Antaresia stimsoni Click to enlarge image
Inland Childrens Python, Antaresia stimsoni Image: Ross Sadlier
© Australian Museum

Fast Facts

  • Classification
    Species
    stimsoni
    Genus
    Antaresia
    Family
    Pythonidae
    Suborder
    Serpentes
    Order
    Squamata
    Phylum
    Chordata
    Kingdom
    Animalia
  • Size Range
    Average total length 75 centimetres, maximum about 1 metre.

Named after Andrew Stimson, a herpetologist at the British Museum, the original description was published in 1985 by Laurie A. Smith of the Western Australia Museum.

Stimson's pythons are highly polymorphic, and the pattern and coloration varies widely throughout its extensive range. They have a pattern of large reddish-brown blotches along their body with a paler background.

Antaresia stimsoni inhabits the largest range of any other Australian python species. These snakes are found in a wide range of arid environments, in topographic features such as rock outcrops and stony ranges.

On the sandy plains and dunefields it is likely to be found with isolated large trees or on those margins of dry watercourses or large termite mounds and larger clumps of spinifex. Stimson's Pythons move in a side-to-side swimming motion.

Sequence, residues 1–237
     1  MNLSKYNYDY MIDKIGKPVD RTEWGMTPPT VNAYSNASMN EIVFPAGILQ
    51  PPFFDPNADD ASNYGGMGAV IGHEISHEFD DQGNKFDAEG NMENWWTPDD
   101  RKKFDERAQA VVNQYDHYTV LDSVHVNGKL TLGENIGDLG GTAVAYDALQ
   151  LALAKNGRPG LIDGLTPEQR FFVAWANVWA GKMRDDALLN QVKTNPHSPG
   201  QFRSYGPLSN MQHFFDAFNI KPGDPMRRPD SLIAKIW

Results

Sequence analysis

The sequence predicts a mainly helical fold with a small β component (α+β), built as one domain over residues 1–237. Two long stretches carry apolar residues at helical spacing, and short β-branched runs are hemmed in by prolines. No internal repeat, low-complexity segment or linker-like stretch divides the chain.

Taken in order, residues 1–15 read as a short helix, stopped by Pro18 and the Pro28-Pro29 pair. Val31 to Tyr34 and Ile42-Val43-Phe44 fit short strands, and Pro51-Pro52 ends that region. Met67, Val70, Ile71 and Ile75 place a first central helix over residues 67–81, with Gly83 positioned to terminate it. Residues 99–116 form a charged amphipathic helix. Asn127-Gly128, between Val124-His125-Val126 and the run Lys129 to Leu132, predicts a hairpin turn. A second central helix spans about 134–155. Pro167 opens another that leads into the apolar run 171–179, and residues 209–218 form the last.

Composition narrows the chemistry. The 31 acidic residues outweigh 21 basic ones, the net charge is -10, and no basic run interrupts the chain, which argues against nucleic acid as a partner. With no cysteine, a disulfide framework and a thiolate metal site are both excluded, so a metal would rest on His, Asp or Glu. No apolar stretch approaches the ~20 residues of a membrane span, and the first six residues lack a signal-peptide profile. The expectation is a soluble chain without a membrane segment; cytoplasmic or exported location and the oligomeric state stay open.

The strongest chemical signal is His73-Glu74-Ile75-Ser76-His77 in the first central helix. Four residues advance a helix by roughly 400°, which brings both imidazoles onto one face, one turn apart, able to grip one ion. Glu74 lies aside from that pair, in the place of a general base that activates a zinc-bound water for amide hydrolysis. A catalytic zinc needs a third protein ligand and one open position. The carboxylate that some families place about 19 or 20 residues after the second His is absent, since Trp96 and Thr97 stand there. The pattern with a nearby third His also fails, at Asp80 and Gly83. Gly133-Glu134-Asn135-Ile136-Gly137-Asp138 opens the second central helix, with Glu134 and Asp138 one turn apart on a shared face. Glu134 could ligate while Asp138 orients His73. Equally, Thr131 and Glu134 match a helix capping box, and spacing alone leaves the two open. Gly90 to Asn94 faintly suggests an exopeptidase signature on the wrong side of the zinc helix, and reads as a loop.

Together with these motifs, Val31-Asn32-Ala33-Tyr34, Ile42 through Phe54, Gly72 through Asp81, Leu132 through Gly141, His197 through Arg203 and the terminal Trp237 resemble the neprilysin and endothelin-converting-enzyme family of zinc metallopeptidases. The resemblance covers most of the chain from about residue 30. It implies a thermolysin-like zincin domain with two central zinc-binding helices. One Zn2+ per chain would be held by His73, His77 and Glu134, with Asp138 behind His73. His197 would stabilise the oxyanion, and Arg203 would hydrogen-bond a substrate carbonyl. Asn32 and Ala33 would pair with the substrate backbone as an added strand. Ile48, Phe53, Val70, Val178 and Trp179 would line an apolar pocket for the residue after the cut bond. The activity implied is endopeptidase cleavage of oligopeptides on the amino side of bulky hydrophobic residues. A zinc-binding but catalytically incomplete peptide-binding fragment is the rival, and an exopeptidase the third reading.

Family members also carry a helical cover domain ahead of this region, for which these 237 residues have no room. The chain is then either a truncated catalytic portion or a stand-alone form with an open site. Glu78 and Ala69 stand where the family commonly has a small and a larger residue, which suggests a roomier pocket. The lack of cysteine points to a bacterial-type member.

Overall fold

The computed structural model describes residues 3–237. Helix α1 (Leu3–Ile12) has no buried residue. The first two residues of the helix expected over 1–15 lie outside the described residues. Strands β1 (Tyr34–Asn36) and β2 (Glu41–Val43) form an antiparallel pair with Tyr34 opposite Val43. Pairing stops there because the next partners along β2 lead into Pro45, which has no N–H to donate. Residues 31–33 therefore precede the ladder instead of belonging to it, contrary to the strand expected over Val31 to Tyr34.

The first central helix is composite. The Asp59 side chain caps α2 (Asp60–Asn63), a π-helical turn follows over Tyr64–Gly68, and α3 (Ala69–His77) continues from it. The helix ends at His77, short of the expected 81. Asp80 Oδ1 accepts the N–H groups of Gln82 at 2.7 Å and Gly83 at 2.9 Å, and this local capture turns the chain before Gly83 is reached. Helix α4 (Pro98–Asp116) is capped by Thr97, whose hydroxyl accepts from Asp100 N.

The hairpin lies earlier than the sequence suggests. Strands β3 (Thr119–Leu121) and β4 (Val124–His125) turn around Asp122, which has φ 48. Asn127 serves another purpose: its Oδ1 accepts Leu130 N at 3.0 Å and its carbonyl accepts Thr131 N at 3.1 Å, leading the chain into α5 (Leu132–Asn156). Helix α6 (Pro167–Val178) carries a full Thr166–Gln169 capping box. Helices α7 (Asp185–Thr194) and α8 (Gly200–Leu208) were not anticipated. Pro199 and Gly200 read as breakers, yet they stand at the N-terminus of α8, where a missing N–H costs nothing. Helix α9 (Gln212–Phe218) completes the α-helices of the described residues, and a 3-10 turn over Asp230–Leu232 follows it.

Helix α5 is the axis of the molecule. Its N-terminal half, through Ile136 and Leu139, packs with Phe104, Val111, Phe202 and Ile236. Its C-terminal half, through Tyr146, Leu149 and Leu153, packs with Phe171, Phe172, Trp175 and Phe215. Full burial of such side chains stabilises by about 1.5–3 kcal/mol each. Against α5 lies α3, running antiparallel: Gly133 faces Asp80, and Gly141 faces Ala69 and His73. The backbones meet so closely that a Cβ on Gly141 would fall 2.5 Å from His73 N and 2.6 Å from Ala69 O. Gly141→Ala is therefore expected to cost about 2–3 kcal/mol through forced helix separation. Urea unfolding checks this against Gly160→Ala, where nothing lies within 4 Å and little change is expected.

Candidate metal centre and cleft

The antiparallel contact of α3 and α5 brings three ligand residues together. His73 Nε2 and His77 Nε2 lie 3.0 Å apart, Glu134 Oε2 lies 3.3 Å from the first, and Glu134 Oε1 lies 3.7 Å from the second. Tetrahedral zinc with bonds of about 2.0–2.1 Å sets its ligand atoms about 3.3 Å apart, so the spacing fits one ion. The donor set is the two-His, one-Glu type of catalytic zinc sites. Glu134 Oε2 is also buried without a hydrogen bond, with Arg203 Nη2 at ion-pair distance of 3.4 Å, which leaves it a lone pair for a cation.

Small mammals, frogs, birds and lizards make up the diet with the python able to sense the body heat coming off their prey. They flick their tongue to taste the air and use their eyes to find their food. Like many other snakes, it can go for months without feeding. Birds of prey and large reptiles eat Stimson's Pythons.

Stimson's pythons lay a clutch of 5-15 eggs, which the mother incubates for about 55 days by coiling herself around the eggs. Young Stimson's Pythons look after themselves.

Stimson’s Pythons are non-venomous, but can deliver a painful bite. With this species, being a popular species to be kept in captivity, bites are more commonly food related rather than of an aggressive or defensive nature.

Habitat

These snakes are found in a wide range of arid environments, in topographic features such as rock outcrops and stony ranges.

On the sandy plains and dunefields it is likely to be found with isolated large trees or on those margins of dry watercourses or large termite mounds and larger clumps of spinifex.

Distribution

Antaresia stimsoni inhabits the largest range of any other Australian python species.



Feeding and diet

Small mammals, frogs, birds and lizards make up the diet with the python able to sense the body heat coming off their prey. They flick their tongue to taste the air and use their eyes to find their food. Like many other snakes, it can go for months without feeding.

Breeding behaviours

Stimson's pythons lay a clutch of 5-15 eggs, which the mother incubates for about 55 days by coiling herself around the eggs.

Young Stimson's Pythons look after themselves.

Danger to humans

Stimson’s Pythons are non-venomous, but can deliver a painful bite. With this species, bites are more commonly food related rather than of an aggressive or defensive nature

References

  • Cogger, G Harold. Reptiles and Amphibians of Australia, 7th Edition, 2018